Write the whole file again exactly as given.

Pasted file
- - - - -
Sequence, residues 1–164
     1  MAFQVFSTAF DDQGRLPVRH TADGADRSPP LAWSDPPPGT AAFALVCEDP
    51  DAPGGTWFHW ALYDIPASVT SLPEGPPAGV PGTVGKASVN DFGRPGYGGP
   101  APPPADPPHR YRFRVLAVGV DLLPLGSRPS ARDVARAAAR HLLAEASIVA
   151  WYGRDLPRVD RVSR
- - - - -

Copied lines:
Sequence, residues 1–164
     1  MAFQVFSTAF DDQGRLPVRH TADGADRSPP LAWSDPPPGT AAFALVCEDP
    51  DAPGGTWFHW ALYDIPASVT SLPEGPPAGV PGTVGKASVN DFGRPGYGGP
   101  APPPADPPHR YRFRVLAVGV DLLPLGSRPS ARDVARAAAR HLLAEASIVA
   151  WYGRDLPRVD RVSR